Comparing children with MS to those with acute demyelinating syndromes (ADS) highlights the implications of fatigue, depression, and quality of life.
Retrospective comparison between children with multiple sclerosis (MS) and those with related acute demyelinating syndromes (ADS) highlights the implications of fatigue, depression, and quality of life in these patients.
Those are the findings from a study, “Fatigue, depression, and quality of life in children with multiple sclerosis: a comparative study with other demyelinating diseases” published in the journal Developmental Medicine & Child Neurology.
Demyelinating disorders include any condition that results in damaged myelin (the protective coat of neurons), ultimately leading to the formation of scar tissue and malfunctioning nerve signaling. ADS gathers different diseases in children, and can develop into either monophasic (only one occurrence of demyelination) or multiphasic diseases (chronic demyelination).
MS is the most common type of chronic multiphasic demyelination disease, and studies have associated the condition with cognitive dysfunction, mental conditions, and poor quality of life (QoL), apart from neurological symptoms.
However, few studies have compared fatigue and depression levels between children with MS and ADS. This study retrospectively analyzed and compared those parameters between the two groups, and also evaluated self-reported and parent-reported evaluations about QoL.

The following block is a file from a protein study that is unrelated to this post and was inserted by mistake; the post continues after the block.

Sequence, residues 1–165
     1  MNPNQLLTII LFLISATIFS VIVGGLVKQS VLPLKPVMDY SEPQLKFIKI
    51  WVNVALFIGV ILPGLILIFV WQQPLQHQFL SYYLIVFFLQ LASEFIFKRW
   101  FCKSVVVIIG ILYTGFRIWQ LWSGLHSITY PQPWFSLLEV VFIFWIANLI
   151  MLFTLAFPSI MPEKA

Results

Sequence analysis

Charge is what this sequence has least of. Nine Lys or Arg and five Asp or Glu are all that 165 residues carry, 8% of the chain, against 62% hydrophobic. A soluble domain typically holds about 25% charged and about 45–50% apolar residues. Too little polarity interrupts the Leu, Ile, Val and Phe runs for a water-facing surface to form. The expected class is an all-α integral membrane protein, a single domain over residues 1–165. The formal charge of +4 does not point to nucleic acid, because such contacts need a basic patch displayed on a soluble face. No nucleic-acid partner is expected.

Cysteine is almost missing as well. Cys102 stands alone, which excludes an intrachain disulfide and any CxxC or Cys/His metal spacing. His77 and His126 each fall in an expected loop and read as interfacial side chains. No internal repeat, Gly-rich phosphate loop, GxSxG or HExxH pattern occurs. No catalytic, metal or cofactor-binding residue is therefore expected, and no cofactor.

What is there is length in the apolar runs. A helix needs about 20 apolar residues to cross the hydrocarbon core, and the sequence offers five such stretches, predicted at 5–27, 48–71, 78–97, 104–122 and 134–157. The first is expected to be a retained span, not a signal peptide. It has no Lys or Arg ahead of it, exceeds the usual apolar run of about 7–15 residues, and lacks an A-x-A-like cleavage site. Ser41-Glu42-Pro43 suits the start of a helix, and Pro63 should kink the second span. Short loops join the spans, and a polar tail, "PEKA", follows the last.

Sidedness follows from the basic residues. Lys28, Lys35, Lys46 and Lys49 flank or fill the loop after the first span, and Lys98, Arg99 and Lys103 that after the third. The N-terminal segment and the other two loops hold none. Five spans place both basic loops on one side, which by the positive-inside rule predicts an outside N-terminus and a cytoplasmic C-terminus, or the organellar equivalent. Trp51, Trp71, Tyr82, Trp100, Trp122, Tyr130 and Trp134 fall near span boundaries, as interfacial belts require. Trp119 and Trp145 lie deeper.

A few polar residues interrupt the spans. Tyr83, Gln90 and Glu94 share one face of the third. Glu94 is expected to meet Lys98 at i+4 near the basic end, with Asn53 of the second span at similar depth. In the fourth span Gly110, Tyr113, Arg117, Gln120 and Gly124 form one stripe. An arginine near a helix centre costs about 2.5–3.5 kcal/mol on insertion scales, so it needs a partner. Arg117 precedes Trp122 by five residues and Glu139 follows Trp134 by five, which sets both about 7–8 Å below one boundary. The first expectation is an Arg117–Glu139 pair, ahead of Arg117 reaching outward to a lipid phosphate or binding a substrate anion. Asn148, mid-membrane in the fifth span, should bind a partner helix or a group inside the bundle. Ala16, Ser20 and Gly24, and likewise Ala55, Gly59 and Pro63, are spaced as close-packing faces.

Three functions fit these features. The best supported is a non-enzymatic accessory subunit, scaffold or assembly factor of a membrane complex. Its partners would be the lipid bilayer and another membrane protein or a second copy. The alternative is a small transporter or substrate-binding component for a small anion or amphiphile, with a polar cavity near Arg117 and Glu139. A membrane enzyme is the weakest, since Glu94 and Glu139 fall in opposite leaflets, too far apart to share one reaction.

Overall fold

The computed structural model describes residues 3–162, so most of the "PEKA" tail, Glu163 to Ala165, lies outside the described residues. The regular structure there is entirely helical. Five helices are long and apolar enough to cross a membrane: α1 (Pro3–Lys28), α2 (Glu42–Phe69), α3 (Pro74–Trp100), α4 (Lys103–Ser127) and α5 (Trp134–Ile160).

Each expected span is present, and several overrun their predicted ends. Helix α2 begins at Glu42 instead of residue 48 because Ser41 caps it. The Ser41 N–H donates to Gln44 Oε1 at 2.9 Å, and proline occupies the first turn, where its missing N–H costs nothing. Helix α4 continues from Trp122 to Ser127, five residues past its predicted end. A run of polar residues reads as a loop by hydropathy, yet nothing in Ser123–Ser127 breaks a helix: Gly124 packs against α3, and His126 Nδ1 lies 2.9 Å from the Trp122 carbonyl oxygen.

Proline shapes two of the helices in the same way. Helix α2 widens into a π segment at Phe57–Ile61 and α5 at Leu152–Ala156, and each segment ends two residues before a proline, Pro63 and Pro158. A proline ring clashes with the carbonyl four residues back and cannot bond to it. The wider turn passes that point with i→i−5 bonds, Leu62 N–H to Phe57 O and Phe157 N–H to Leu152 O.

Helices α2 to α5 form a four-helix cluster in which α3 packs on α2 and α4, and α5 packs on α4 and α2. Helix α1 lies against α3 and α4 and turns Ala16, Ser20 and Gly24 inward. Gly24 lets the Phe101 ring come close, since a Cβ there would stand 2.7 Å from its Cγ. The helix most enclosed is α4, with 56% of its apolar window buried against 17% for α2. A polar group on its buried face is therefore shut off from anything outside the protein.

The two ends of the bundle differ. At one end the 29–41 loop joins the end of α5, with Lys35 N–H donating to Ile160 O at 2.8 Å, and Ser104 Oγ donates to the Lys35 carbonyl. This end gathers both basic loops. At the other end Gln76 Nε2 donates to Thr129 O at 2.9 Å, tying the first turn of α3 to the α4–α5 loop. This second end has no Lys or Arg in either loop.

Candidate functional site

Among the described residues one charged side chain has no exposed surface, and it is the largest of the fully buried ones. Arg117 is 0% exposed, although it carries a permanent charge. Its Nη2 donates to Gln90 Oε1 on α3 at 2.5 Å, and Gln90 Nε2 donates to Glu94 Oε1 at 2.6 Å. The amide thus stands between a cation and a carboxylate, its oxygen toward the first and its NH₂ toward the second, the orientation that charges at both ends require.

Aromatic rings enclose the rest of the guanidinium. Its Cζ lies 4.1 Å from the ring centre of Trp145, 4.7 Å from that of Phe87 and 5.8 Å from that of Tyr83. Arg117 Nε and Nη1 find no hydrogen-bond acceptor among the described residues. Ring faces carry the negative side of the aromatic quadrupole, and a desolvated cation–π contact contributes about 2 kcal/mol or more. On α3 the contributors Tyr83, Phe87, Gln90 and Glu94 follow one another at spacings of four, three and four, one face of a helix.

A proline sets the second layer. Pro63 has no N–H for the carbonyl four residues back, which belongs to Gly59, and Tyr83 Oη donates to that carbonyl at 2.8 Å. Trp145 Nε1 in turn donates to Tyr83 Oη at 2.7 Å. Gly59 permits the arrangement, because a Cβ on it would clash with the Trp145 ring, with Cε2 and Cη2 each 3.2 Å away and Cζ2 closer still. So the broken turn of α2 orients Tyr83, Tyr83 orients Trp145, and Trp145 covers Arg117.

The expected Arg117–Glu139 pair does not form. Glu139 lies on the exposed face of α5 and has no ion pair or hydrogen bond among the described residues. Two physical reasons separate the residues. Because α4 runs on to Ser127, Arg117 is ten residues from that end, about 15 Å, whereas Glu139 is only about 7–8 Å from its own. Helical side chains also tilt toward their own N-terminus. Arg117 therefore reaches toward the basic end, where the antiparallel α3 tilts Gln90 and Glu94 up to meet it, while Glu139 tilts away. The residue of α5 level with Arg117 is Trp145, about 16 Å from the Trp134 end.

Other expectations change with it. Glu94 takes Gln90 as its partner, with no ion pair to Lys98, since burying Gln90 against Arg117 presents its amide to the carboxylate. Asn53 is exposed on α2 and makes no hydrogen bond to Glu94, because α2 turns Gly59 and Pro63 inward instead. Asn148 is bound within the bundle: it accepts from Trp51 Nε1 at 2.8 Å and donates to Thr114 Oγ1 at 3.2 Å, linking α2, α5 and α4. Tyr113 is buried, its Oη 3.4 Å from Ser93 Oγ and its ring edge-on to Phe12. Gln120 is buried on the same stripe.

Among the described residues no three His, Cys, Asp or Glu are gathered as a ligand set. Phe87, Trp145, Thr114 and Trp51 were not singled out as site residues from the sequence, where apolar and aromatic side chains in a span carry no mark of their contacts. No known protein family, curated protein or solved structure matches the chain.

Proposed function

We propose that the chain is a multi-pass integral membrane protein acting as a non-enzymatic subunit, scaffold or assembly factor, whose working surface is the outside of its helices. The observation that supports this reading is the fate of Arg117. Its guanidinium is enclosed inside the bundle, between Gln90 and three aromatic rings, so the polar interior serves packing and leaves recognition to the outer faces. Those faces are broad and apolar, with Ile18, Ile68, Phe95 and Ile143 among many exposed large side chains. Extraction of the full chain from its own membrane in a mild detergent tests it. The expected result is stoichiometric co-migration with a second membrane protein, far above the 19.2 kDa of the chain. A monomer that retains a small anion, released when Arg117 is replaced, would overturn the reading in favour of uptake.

The comparative study analyzed the physical and mental functions of children followed in the National Referral Centre of rare inflammatory brain and spinal diseases at the University Hospital of Paris-Sud, France. Researchers assessed 26 children with MS (mean age 15.2 years) and 11 children with ADS (mean age 11.7 years), with follow-up times of 33.6 and 20.3 months, respectively.
ADS included disease-like relapsing myelin oligodendrocyte glycoprotein (MOG, four patients), acute demyelinating encephalomyelitis (three patients), and other clinically isolated syndrome diagnoses (four patients).
Researchers evaluated the level of disability, fatigue, depression, and QoL of the patients based on established clinical scales used in MS patient assessment. The Expanded Disability Status Scale (EDSS) — an assessment tool for MS, with higher scores indicating increased disability — was used to measure impairment.
|Read on: Study Eyes Physical, Mental Differences Between Children with MS, ADS|